• Few more decades? How long do you folks think international trade in its current form is going to hold up? Will you have funds to pay for repairs to the whole system? If the financial system crashes, how is this going to work? I think you are being optimistic.

          • Duncan Idaho says:

            Can you say delusional?

            • Tsubion says:

              To be fair…

              Worldof has been using “a few more decades” as his outro for as long as I’ve been reading here.

              For a longest time, he was the counter argument to Fast Eddy’s “Noone is gonna eat turkey this christmas!”

              Only one of them has been utterly wrong so far. As far as timing goes.

              Personally, I think that when it goes it goes. There’s not a lot you can do to hold things together and keep things going. At least not anything resembling industrial civ.

              Broken supply chains, tipping / breaking points, structural weakness in the system, leads to irreversable events and relatively sudden collapse of BAU with most people standing around scratching their heads wondering what just happened.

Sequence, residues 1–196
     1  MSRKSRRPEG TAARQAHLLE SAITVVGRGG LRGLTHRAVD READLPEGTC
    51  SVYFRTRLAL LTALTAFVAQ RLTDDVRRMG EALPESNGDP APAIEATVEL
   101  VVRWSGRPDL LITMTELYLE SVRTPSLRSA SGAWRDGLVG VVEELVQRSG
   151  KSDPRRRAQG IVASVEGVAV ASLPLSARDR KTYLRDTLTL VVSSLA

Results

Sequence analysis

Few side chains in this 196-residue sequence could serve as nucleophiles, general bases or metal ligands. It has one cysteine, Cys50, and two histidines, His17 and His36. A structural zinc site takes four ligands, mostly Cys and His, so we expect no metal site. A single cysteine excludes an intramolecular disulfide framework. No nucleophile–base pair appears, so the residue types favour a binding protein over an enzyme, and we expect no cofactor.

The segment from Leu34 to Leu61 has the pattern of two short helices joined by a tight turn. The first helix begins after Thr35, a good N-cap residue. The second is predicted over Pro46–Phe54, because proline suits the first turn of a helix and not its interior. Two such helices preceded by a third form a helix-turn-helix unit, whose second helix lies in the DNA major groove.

That’s when the alien gods decloak and roll on the floor laughing, pointing at the gullible humans that fell for their latest planetary reality tv prank.

            • Tsubion, thanks for your durable memory in keeping score for these exciting sport activities over here.. In fact, the stubbornness of FE/TM character to reject other scenarios – time lines – sequencing into discussion was after a while not to his advantage. Yet, the writing was on the wall as triage seemed to intensify in Central/South America, ME/Syria, .. that there are still more places to be sacrificed on the altar of BAU extension. Now, since then the time worm turned a bit further and as the examples of France and Italy, possibly UK, show that the situation even within IC hubs seems deteriorating relatively fast nevertheless.

              So, if there was any serious bet to be taken he might lost only by few years or decade+ eventually..

              For me though, was most puzzling (if legit) his claimed and chosen bolt hole in NZ, which he to his credit openly regretted as very rushed and completely stupid idea, as there are much better places in the northern hemisphere for large spectrum of activities. And he was not of the upper upper caste anyway to have funds for the ‘complete protection’ package meaning: get away private jet/ocean vessel, mercenary army, gov grade bunker and supplies, etc.. for theoretically weathering the worst scenarios there, lacking these that destination is a nice tiny trap island only, full stop.

            • Tsubion says:

              Worldof… have always enjoyed your comments!